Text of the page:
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    ORNL Develops Renewable, Lignin-based Composite for 3D printing

    Tue 01, Jan 2019

    Researchers have identified that combination of lignin with nylon delivers a composite that demonstrates increased room temperature stiffness and decreased melt viscosity.

    Scientists from Oak Ridge National Laboratory (Oak Ridge, TN, US) have successfully developed a renewable 3D printing feedstock using lignin, which is a byproduct of biofuels. 

    Led by Amit Naskar, the team said to combine melt-stable hardwood lignin with conventional plastic, which is a low-melting nylon and carbon fiber.  This resulted in developing a composite that possess the right attributes for extrusion and weld strength between layers during the printing process. It also offers good mechanical properties.

    Typically, lignin has low heat resistance and can only be heated to a certain temperature for softening and extrusion from a 3D-printing nozzle. ORNL researchers discovered that pairing lignin with nylon increased the composite’s room temperature stiffness and decreased its melt viscosity. As per ORNL, the scientists successfully mixed a higher percentage of lignin - 40% to 50% by weight and then they added 4% to 16% carbon fiber.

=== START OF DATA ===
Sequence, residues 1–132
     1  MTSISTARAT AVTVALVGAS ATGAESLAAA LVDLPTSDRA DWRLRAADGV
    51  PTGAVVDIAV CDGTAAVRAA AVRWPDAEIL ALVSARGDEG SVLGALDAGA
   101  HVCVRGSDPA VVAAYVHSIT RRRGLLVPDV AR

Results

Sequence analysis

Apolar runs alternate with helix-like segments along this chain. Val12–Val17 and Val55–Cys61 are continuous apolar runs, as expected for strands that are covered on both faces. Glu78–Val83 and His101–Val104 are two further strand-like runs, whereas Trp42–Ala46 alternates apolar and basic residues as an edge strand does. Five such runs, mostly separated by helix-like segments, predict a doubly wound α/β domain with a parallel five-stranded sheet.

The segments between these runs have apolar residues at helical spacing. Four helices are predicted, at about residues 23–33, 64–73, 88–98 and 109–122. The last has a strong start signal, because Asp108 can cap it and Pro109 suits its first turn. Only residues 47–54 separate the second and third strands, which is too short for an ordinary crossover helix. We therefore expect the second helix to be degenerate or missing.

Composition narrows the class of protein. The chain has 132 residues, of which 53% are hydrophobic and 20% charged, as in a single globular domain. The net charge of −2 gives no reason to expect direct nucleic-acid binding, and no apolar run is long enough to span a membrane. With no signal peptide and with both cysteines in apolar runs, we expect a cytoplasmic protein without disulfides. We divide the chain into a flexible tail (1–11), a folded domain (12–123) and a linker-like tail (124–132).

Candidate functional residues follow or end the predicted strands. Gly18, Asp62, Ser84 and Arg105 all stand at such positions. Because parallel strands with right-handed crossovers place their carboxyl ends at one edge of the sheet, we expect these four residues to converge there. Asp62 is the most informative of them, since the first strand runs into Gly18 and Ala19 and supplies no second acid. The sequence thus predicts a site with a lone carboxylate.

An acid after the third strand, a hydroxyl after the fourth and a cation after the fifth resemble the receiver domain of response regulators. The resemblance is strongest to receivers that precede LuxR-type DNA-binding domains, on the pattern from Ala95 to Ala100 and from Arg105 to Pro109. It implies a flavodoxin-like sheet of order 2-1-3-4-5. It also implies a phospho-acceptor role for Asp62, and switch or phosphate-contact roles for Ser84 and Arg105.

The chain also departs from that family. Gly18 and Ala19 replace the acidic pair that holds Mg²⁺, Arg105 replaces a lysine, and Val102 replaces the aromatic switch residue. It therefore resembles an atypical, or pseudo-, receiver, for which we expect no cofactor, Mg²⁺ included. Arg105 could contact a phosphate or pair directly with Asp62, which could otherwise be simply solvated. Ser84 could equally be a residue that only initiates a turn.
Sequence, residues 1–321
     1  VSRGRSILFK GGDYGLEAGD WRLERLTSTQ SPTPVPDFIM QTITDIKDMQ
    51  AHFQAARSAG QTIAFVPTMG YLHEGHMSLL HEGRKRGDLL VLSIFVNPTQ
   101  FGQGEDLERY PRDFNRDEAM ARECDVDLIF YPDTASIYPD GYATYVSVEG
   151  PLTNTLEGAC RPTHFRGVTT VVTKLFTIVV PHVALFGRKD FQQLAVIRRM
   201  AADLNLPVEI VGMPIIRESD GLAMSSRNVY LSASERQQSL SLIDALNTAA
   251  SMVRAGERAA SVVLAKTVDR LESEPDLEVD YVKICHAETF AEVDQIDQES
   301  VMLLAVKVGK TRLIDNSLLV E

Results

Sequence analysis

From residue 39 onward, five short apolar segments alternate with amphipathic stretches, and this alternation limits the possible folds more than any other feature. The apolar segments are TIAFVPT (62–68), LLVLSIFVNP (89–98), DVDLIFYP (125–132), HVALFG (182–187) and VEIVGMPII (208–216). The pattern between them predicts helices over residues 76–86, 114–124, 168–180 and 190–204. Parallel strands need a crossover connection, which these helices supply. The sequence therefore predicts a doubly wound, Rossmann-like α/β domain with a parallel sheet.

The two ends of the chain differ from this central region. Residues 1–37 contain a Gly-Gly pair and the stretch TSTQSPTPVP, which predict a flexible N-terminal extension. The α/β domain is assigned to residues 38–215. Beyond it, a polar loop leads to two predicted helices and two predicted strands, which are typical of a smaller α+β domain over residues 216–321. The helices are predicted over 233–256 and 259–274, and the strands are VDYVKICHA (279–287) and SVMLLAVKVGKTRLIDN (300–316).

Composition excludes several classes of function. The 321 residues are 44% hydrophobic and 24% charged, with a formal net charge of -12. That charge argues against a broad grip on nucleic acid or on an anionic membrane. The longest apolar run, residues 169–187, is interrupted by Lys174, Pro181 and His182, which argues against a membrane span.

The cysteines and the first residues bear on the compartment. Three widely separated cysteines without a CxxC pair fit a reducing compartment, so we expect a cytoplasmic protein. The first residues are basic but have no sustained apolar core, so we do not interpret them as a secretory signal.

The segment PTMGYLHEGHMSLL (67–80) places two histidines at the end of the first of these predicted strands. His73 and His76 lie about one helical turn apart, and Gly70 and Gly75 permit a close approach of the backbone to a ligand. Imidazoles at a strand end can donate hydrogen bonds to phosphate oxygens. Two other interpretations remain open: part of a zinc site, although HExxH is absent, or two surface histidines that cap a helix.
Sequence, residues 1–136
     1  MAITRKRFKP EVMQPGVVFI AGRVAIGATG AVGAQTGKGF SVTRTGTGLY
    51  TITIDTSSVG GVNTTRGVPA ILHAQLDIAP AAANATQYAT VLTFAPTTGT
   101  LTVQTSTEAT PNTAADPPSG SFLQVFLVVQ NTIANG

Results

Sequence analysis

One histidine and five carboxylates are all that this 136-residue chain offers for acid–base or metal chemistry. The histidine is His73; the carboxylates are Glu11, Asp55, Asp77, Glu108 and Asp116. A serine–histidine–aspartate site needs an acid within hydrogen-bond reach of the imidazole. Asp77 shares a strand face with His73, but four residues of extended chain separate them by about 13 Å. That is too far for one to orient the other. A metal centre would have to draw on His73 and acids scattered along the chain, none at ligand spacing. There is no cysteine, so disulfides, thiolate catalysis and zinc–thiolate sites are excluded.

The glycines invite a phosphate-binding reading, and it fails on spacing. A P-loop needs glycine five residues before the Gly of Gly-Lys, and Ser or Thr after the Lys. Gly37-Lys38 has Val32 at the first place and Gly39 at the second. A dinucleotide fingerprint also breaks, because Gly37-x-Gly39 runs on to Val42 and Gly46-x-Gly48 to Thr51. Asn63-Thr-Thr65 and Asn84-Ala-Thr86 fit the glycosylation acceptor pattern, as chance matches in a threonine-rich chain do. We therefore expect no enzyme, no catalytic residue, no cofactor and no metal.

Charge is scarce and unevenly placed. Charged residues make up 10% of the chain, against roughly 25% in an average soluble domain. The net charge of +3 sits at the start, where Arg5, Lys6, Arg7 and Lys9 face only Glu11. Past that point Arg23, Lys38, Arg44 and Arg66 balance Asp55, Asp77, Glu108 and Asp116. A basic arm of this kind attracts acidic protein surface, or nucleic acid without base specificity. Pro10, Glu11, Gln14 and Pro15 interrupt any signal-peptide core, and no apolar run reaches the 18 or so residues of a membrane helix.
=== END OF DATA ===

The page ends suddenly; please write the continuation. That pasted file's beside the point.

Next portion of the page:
The lignin-nylon composite is yet to be patented and the work is in progress to further refine the material and identify alternate ways to process it. The research was funded by DOE’s Office of Energy Efficiency and Renewable Energy’s Bioenergy Technologies Office.

    The market for 3d-printed composites is on the rise and is likely to clock an annual revenue of US$ 111.1 in 2022, according to Stratview Research. Currently, most of the composite parts are fabricated through labor-intensive manufacturing processes, such as hand layup, which place this versatile material behind in the race compared with other competing materials in the mass-produced applications. Over the past two decades, composites industry has experienced a sheer transformation in the development of manufacturing process in terms of automation; however, end-use industries, such as automotive, are still demanding further reduction in the overall cycle time of finished parts. At the same time, they are also looking for such a process which curtails wastage during production. Here, 3D printing plays a vital role in delivering the customers’ expectation by making parts in lesser time with reduced wastage.

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    Source: ORNL